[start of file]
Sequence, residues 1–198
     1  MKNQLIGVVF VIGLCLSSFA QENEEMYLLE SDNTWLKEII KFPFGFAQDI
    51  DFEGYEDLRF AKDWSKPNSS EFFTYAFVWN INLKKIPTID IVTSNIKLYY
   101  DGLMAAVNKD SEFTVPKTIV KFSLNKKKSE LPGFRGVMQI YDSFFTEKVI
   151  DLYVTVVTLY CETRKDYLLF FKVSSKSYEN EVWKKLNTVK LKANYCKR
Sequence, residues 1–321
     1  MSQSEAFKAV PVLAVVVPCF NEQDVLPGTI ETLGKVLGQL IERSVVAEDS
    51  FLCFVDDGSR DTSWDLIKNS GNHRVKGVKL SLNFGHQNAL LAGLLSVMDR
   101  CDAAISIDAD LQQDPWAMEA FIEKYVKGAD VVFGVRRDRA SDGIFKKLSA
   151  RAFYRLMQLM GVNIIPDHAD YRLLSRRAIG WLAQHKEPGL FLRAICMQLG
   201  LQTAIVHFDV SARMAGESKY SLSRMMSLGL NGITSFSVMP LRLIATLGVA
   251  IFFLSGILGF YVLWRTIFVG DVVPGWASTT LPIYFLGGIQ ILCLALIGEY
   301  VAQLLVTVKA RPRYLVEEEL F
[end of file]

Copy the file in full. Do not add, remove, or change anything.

Sequence, residues 1–198
     1  MKNQLIGVVF VIGLCLSSFA QENEEMYLLE SDNTWLKEII KFPFGFAQDI
    51  DFEGYEDLRF AKDWSKPNSS EFFTYAFVWN INLKKIPTID IVTSNIKLYY
   101  DGLMAAVNKD SEFTVPKTIV KFSLNKKKSE LPGFRGVMQI YDSFFTEKVI
   151  DLYVTVVTLY CETRKDYLLF FKVSSKSYEN EVWKKLNTVK LKANYCKR
Sequence, residues 1–321
     1  MSQSEAFKAV PVLAVVVPCF NEQDVLPGTI ETLGKVLGQL IERSVVAEDS
    51  FLCFVDDGSR DTSWDLIKNS GNHRVKGVKL SLNFGHQNAL LAGLLSVMDR
   101  CDAAISIDAD LQQDPWAMEA FIEKYVKGAD VVFGVRRDRA SDGIFKKLSA
   151  RAFYRLMQLM GVNIIPDHAD YRLLSRRAIG WLAQHKEPGL FLRAICMQLG
   201  LQTAIVHFDV SARMAGESKY SLSRMMSLGL NGITSFSVMP LRLIATLGVA
   251  IFFLSGILGF YVLWRTIFVG DVVPGWASTT LPIYFLGGIQ ILCLALIGEY
   301  VAQLLVTVKA RPRYLVEEEL F